fb pixel

Log In

Reset Password

Mail Tribune 100, Dec. 22, 1920

The following news items were drawn from the archives of the Mail Tribune 100 years ago.

Dec. 22, 1920


The Charity Ball tonight promises to be a huge success. Many tickets have been sold in advance by the different fraternal orders. The committees in charge will make every effort to have it be a thoroughly enjoyable affair. The cause is such a worthy one — a benefit for the Red Cross charity fund — that no one will feel like refusing to be present and those that attend will make merry with the happy thought that they are not only enjoying this holiday, but contributing to make many others happy also. Jacksonville, Talent, Phoenix, Gold Hill and Ashland will send large delegations to attend the dance.


Matchmaker Joe Thomas has completed the details of the boxing smoker to be held Thursday night at the Nat under the auspices of the Medford Boxing commission. All the contestants are home grown, and a fast and speedy evening is assured those who attend, with no fourflushing pork and beaners performance.

The main event will be between Johny Carlson and Kid Pickles at 133 pounds and this promises to be one of the best contests in the history of the game in this vicinity. Both boys have a large number of local followers, who will be on hand with the cheering.

An event in every weight class except heavyweights will be staged, and the boys and Matchmaker Thomas have been working hard to make the matches a success.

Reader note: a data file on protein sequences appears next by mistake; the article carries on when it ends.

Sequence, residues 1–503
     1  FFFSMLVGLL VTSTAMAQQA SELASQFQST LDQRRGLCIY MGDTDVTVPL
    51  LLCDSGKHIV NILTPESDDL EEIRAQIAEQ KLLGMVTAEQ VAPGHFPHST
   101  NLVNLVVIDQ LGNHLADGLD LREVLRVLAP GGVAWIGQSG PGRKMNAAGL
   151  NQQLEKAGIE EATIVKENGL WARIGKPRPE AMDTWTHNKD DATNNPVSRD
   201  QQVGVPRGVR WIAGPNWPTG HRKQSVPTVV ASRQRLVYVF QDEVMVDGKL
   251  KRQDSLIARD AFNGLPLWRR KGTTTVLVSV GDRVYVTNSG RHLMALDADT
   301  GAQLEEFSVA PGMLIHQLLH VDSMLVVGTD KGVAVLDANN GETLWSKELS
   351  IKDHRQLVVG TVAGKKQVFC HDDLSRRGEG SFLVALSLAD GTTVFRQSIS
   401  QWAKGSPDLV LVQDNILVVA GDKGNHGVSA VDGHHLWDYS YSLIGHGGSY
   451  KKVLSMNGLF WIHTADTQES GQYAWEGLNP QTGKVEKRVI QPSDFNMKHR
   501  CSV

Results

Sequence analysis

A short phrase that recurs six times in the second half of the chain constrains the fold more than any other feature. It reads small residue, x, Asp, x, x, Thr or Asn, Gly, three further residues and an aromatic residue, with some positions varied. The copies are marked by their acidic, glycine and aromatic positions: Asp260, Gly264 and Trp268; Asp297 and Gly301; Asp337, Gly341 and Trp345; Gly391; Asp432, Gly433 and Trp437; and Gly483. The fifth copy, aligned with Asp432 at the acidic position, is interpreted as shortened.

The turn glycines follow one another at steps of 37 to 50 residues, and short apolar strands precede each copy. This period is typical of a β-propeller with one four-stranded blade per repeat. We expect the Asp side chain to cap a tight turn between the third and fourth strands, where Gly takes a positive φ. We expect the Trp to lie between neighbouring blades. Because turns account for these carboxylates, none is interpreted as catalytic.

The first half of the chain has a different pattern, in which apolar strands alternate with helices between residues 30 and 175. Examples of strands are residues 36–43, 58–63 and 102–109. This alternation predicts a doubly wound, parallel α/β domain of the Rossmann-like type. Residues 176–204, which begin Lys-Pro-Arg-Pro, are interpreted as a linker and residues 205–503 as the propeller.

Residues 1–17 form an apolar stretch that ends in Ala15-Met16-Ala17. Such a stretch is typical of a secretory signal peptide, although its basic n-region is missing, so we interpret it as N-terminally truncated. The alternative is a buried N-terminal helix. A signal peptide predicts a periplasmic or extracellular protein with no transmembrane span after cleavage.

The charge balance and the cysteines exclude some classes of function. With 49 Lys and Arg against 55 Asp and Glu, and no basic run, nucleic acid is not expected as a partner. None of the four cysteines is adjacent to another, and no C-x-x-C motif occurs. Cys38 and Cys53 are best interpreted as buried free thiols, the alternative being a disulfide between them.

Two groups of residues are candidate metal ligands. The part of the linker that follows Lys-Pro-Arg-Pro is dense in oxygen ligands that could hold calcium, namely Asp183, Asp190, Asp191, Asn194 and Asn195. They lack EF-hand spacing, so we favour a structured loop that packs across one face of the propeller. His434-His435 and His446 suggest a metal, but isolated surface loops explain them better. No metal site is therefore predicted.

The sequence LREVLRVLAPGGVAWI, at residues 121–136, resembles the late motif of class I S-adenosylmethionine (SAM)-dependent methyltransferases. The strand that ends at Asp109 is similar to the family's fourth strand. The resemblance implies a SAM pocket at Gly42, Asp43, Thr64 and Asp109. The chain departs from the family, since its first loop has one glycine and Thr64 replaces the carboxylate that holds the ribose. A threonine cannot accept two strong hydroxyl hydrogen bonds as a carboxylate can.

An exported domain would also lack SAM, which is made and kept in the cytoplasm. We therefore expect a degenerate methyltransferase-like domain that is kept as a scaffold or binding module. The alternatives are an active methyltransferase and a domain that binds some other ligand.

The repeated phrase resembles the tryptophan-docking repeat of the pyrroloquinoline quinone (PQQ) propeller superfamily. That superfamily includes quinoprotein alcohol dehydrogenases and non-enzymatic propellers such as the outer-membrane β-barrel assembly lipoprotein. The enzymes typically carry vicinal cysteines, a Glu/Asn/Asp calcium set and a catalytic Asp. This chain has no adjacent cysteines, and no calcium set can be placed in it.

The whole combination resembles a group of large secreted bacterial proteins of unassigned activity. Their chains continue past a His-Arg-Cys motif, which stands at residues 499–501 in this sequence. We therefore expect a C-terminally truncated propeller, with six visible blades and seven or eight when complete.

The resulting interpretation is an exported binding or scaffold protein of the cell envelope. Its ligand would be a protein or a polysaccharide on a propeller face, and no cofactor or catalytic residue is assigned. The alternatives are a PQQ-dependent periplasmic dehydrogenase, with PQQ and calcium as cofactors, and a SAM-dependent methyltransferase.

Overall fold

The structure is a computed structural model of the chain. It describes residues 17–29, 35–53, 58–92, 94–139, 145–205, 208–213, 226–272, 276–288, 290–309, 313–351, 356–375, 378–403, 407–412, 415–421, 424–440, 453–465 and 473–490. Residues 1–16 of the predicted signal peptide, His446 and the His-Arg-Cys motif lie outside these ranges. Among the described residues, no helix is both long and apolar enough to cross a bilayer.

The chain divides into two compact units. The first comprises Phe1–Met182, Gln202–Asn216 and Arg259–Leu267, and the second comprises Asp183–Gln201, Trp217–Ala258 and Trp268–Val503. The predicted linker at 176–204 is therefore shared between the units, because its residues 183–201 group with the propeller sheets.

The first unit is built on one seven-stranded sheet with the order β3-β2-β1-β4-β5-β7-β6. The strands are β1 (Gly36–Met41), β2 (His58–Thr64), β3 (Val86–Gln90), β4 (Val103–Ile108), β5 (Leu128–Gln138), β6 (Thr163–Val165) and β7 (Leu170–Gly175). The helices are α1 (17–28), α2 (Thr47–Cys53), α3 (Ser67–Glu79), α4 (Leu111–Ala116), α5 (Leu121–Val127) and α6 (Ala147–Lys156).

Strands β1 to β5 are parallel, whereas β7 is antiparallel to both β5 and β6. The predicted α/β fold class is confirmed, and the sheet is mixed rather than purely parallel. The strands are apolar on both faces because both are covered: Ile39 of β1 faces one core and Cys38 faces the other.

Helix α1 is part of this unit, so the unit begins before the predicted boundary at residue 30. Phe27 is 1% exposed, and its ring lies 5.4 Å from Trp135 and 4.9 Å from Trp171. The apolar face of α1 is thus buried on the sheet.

A special event will be staged in a fast workout between Jess Ingram and Monk Clark. Ingram has been rejuvenated, and is showing class in his work.

Tickets for the show are on sale at Brown and Brown’s, the admission is $1.25 ringside, plus the war tax. All boxing fans interested in keeping the games alive in this neck of the woods are urged to be present.


The schools of the city closed this afternoon for the holidays vacation and will not resume sessions until January 3rd. Closing Christmas exercises were held in a number of the grade rooms, and the high school assembly this afternoon was a special affair of a Christmas nature.


A lull has come in the epidemic of whooping cough which has been prevalent among the boys and girls of the city all winter, and there is a falling off in the cases. A helpful peculiarity of the disease is that it is exceedingly mild.

— Alissa Corman;acorman@rosebudmedia.com

News from 100 years ago